The girl was very little, just five years old. Her grandfather, to whom she turned for information on every possible subject, was very old. Terribly old, she thought. He was probably the oldest man in the world. In fact, he was sixty years old. He had lived twelve times as long as she had. It was hard to believe such a thing.
When I am that old, she thought, perhaps I too will know all the things he does. In the meantime, she decided, I will ask him whenever I want to know something.
And she did. One day at the beach she asked him why the water was salty. He explained that all the rivers running into it have an eeny-weeny-tiny bit of salt in them and they have been running in for a long time so the salt had been building up.
“So one day it’ll be even saltier,” she said.
“I guess so,” he said. He did not sound sure, but that was all right. She was happy with his answer.
As the years passed she asked him many questions. She wanted to know if there is really a person like Santa Claus, where rain comes from, why only young ladies have babies, if rhinoceroses that have just one horn are related to unicorns who also have one horn, why boys behave worse than girls, why mothers cook so well and where did they learn, why flowers smell sweet and some don’t, and why does she think of so many questions to ask, and do all kids?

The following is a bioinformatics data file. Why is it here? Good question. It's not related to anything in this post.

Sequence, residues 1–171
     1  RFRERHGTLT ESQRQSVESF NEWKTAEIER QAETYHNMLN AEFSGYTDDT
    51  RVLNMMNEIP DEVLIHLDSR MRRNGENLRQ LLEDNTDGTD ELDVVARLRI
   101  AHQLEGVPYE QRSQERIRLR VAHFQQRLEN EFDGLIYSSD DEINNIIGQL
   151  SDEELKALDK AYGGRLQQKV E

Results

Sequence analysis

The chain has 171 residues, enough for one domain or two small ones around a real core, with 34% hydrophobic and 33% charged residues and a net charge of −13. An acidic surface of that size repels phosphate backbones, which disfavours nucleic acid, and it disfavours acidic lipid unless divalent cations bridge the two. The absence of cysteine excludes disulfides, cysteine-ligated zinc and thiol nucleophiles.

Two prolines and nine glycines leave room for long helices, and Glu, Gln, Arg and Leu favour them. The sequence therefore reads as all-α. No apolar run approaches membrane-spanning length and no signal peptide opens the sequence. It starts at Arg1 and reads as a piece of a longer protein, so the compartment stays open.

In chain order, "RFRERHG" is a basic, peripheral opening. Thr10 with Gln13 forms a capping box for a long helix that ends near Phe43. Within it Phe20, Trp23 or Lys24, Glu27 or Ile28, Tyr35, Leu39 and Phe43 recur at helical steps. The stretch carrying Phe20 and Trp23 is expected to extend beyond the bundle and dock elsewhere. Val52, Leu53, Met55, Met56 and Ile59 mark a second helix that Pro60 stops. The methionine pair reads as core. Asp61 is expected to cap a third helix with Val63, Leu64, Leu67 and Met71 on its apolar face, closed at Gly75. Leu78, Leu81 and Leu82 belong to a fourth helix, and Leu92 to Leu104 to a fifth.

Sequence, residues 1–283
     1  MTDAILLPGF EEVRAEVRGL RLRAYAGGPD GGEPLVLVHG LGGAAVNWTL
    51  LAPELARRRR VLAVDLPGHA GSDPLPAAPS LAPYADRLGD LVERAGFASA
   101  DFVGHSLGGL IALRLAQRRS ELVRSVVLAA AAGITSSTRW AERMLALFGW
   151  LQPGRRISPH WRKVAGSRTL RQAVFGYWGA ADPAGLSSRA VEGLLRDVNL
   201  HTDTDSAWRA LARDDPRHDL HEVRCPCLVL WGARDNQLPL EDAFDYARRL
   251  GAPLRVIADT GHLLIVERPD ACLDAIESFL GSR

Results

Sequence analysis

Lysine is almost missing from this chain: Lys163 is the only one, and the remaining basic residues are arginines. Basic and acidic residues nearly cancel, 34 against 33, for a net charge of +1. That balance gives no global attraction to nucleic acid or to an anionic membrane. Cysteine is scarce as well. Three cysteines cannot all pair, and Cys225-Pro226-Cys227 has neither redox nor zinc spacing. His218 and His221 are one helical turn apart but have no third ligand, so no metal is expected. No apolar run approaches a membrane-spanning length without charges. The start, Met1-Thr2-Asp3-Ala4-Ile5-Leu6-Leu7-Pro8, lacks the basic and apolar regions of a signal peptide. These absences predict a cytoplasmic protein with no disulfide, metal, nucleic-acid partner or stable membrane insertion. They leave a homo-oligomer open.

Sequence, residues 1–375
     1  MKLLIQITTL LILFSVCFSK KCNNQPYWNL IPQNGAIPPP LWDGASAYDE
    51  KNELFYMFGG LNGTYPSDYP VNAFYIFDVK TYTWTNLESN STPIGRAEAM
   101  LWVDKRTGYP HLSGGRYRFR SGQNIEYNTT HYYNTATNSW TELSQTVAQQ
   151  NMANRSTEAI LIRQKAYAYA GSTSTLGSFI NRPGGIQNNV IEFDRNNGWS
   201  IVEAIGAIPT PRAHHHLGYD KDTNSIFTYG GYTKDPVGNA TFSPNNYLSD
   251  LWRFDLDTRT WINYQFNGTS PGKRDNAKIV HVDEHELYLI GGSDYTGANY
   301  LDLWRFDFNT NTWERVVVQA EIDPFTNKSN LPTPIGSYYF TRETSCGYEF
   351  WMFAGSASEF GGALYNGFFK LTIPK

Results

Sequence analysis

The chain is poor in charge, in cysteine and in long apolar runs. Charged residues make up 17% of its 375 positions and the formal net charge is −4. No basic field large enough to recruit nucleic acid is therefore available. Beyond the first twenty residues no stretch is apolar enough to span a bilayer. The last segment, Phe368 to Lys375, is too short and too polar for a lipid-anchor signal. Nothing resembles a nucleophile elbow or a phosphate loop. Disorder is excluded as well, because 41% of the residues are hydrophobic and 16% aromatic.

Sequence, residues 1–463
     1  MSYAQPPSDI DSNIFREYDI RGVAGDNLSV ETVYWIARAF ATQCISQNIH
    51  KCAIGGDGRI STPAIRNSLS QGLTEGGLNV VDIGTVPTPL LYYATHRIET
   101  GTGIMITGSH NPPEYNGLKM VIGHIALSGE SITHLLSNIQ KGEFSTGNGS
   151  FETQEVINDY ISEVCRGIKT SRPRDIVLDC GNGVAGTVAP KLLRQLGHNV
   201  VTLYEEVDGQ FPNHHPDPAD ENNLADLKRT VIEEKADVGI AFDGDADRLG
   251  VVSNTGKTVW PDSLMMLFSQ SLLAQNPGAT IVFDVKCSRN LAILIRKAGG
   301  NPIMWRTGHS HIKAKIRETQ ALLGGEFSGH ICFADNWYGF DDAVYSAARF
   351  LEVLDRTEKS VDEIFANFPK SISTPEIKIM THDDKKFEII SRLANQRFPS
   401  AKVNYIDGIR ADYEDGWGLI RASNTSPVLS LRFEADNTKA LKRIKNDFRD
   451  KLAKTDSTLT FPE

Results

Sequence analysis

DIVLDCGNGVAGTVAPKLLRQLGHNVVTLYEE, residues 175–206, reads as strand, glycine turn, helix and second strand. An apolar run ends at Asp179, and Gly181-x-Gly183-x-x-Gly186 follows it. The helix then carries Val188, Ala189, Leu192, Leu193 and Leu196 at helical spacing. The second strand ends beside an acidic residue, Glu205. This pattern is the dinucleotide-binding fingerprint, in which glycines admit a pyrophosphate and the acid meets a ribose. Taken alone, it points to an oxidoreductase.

“All kids ask questions, but I don’t think they all ask as many as you do. But that’s all right. You now know the answer to many things. You found out all those interesting things by asking questions.”
“I don’t know if I remember all the answers,” she said.
“If you didn’t remember the answers, that would be disappointing,” he said. “But I think you do. Deep inside you, the answers are there, waiting for the day that you need them. Then they’ll come popping out.”
“That’s nice,” she said.
The next day she had a new question for him. On television they had a weather map. In the map there were loops and circles, and tiny numbers printed inside the loops and circles. “What are those numbers? she asked. “What do they mean?”
He had never before noticed the numbers. “I don’t know what they mean,” he said.
She looked at him in open-mouthed horror. It was a frightening discovery. Her grandfather who had lived so long, did not know what those numbers on the weather map meant. So far he had always known everything she asked.
In later years, when she was asked at what age she lost her innocence, she knew the answer without any doubt. “At the age of five,” she said. “I’ll never forget it. I discovered that my grandfather does not know everything. It was shattering. It had to do with a weather map.”